Making Use of the Project Feature

    The more you can populate your LinkedIn profile with relevant (yet non-intrusive) content, the better. The ability to link extra project information under each position is a great way to give your reader addendums that demonstrate your awesomeness! The beauty is the flexibility to use the feature for whatever works best for your situation. As a resume writer, I use my project fields to show samples of work. But once can just as easily use it to show critical work project, post letters of recommendation from clients, give access to PowerPoint presentations, display company marketing materials, etc. Did you know that you can even add other team members to a project? If you are connect to project collaborators on LinkedIn, their name will appear as a hyperlink. But you can also add the names of other who are not connected on LinkedIn. Their names will simply appear as regular text. Neat, huh?

    Select Skills and Endorsements Entries that Differentiate

    The Skills & Endorsements section of your profile is one of its most important elements. How important? Well, according to LinkedIn, members who take the time to list skills on their LinkedIn profiles receive 13 times more profile views . How’s THAT for important? When selecting which skills to include, remember to think of what you want your profile to accomplish. So if you are looking to advance I your career as a pharmaceutical sales professional, the skill “Dewey Decimal System” from your time volunteering in the school library while in college doesn’t help. When selecting your skills, always think “relevance and search”. If someone were looking for someone of your skill set, which skills would they search, and how would they be phrased? Also, don’t forget to endorse the skills of others you know and ask them to do the same. The more endorsements of your skills that you receive, the better your LinkedIn profile rates!

    Part 3 coming soon!

  • building a linked-in profile that gets attention part 1When LinkedIn first launched in 2003, many (including myself) wondered if the platform would be one of a long list of here-today-gone-tomorrow websites. Would it burn hot for a while and then faded away? Well, more than a decade later, building a LinkedIn profile that captures attention is an important part of career management. LinkedIn is going strong, and growing! It boasts more than 467 million users (2 people join every second) in 200 countries and territories around the world. Some say LinkedIn will eventually replace the resume (but slow ya’ roll, people). For now, a powerful LinkedIn profile can serve as an effective partner to the resume when constructed properly.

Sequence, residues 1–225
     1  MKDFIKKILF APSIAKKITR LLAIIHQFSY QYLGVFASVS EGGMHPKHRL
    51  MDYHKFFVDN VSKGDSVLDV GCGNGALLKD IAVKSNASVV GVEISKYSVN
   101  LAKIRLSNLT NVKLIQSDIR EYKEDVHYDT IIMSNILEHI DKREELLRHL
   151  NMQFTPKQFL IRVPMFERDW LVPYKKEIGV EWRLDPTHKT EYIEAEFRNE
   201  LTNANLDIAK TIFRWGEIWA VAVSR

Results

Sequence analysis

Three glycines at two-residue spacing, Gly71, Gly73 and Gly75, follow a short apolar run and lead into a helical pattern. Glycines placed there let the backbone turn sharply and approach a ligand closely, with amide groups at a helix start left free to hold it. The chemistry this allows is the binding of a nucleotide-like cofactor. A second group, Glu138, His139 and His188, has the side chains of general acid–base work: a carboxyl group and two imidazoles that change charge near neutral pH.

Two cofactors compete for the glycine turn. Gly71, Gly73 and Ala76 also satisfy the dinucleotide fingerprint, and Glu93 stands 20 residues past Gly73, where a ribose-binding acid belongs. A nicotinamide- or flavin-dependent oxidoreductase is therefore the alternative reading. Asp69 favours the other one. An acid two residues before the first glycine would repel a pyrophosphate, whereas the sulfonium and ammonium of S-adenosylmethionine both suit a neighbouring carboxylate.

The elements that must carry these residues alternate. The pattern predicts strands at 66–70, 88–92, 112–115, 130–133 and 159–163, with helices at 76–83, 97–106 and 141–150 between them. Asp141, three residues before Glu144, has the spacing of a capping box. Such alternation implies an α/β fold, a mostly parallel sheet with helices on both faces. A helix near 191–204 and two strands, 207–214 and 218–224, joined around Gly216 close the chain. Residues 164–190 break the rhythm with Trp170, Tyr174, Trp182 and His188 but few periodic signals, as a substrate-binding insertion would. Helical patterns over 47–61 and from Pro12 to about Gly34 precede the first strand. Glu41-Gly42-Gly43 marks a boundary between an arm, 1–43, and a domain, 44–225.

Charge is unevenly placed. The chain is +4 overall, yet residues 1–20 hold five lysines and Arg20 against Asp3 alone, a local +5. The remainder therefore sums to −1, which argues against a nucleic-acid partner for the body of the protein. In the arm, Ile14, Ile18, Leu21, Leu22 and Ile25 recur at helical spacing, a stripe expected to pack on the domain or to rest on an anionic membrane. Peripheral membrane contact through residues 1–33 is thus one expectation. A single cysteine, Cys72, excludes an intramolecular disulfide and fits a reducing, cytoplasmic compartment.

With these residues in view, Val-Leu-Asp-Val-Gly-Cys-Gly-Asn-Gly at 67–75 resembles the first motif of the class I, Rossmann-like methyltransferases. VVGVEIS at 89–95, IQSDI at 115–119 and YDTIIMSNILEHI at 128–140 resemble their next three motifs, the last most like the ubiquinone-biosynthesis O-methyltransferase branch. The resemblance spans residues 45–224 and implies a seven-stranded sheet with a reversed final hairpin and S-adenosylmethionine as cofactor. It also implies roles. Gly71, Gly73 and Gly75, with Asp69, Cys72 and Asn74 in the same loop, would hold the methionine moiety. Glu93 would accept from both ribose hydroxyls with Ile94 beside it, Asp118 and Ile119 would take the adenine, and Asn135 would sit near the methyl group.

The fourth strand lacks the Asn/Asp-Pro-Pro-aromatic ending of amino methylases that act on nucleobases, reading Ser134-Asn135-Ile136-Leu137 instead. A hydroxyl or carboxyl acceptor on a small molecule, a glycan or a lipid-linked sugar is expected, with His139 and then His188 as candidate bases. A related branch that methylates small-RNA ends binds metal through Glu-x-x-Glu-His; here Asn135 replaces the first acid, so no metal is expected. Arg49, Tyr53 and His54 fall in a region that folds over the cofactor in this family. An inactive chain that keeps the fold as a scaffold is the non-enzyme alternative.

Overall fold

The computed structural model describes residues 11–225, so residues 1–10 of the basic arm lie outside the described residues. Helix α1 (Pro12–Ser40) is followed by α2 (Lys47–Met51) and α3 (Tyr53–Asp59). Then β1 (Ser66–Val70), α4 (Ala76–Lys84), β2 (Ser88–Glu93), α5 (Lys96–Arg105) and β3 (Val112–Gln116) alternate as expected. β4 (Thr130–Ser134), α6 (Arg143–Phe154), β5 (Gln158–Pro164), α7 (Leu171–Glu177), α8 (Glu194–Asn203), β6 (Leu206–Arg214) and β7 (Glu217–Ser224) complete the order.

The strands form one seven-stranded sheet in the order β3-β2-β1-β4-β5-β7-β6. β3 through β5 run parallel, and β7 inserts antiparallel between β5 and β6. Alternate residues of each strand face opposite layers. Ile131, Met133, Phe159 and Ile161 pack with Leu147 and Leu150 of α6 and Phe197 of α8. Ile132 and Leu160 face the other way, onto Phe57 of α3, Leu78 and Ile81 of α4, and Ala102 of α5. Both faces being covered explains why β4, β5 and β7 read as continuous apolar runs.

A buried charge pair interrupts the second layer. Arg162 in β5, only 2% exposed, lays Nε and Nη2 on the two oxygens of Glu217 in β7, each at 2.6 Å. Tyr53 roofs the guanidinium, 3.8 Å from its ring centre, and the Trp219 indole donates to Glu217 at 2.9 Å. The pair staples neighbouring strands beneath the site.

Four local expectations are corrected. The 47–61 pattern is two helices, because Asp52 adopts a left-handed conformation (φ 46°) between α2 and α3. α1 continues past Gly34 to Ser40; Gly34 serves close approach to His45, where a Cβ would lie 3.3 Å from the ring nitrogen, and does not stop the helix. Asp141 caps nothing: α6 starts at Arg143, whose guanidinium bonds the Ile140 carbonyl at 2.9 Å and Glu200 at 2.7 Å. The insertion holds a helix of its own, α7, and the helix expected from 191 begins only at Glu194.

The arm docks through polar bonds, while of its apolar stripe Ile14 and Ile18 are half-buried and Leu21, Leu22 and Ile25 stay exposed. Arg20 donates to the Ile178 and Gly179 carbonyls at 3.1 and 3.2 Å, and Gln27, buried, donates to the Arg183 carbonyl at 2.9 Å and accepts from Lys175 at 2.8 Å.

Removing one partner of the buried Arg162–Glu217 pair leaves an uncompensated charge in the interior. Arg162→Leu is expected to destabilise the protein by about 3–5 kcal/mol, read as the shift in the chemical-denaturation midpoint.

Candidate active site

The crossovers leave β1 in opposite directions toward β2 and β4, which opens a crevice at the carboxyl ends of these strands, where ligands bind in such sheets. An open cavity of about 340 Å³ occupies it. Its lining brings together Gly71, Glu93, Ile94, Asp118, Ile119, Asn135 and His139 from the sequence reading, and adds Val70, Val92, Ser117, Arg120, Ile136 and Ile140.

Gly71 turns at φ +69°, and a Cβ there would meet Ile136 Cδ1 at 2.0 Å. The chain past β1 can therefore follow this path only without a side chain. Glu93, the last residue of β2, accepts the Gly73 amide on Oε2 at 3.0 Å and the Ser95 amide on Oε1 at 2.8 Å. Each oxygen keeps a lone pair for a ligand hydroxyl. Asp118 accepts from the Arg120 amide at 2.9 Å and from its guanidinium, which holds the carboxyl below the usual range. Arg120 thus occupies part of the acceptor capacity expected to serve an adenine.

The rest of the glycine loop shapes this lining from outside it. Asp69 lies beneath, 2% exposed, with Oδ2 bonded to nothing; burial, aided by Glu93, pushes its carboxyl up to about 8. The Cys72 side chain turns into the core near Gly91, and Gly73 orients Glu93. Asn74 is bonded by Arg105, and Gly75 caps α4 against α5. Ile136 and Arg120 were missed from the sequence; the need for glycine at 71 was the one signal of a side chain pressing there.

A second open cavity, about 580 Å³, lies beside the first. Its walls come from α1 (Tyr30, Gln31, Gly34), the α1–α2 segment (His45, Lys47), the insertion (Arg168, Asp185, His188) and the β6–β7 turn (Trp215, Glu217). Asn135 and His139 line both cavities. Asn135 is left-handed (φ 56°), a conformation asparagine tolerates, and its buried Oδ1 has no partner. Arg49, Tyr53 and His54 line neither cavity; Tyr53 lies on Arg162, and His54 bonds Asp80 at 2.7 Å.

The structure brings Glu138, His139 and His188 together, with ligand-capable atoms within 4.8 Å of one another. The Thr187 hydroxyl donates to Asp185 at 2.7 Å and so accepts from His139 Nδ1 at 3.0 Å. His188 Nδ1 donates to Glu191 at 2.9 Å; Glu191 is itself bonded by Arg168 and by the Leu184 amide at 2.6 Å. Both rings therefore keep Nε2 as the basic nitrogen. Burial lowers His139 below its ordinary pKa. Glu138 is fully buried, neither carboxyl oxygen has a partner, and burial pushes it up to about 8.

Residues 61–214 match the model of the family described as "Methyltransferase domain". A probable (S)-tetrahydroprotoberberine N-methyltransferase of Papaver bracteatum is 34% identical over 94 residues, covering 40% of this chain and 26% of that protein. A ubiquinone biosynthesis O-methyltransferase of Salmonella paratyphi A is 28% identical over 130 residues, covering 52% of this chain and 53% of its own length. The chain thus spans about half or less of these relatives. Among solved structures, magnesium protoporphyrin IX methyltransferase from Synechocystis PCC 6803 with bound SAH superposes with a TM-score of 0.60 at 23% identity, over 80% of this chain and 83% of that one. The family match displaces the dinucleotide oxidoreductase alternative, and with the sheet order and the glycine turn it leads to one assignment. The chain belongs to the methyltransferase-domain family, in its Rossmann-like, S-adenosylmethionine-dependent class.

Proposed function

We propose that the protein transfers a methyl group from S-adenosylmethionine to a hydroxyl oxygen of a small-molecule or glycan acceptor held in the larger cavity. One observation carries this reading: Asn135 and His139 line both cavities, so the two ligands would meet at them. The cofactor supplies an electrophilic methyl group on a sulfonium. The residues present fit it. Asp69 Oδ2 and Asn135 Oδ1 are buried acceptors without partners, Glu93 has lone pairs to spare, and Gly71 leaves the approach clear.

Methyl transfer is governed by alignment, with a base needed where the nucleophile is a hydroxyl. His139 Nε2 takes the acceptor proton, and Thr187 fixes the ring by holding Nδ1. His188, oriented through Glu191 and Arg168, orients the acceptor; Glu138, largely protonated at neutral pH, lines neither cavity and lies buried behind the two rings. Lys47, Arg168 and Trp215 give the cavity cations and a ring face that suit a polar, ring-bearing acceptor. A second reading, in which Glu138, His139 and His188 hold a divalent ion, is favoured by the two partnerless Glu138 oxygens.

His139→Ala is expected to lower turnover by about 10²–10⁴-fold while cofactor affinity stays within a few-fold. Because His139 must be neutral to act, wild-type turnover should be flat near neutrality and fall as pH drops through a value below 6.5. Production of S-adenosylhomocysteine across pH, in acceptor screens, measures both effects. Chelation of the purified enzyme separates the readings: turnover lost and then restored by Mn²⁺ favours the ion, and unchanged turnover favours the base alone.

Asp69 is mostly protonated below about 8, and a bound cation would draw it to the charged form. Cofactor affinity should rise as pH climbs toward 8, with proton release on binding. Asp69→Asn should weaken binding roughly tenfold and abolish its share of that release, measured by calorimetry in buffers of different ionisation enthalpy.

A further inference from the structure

In part 1 of this 2-part series, we touch on changes you can make to some of the more basic aspects of the profile to help give it purpose and identity. So, what changes can you make to the profile that can help you today?

    Determine the Purpose for Your Profile

    When it comes to your career, every move that you make should be strategic in nature. Nothing should be done by chance. Your approach to the development of your LinkedIn profile should no different. Before you make one single change, give some thought to whether the profile is for near-term employment or long-term branding. How you build it out depends upon this. For example, a professional seeking employment as a Data Analyst may consider going heavy in that direction. But they may decide to brand themselves as an all-around IT professional for consulting purposes. This will affect your approach to every section of the profile, so slow down and give this some thought.

    The Killer Headline: Who are you? (To your audience, that is)

    Sadly, many people ignore the headline field. After all, it automatically populate with your most recent job title and employer name, correct? Besides, most professionals on LinkedIn choose to go with this auto-population. But you’re not most people. This is prime personal ad space and you should be strategic in how you use it. A well-crafted headline can benefit you in a couple of ways.

    First, with this being what people see before they even get into your profile, the headline can go a long way in kicking off your brand to your visitors. This is especially valuable if you possess a diverse background where you can be “perceived” in several different ways. Second, the headline is an excellent place for the inclusion of quality, searchable concepts. If you are in the middle of a job search, or simply open to recruitment, you want opportunity to find you.

    Construct a Profile that Sells!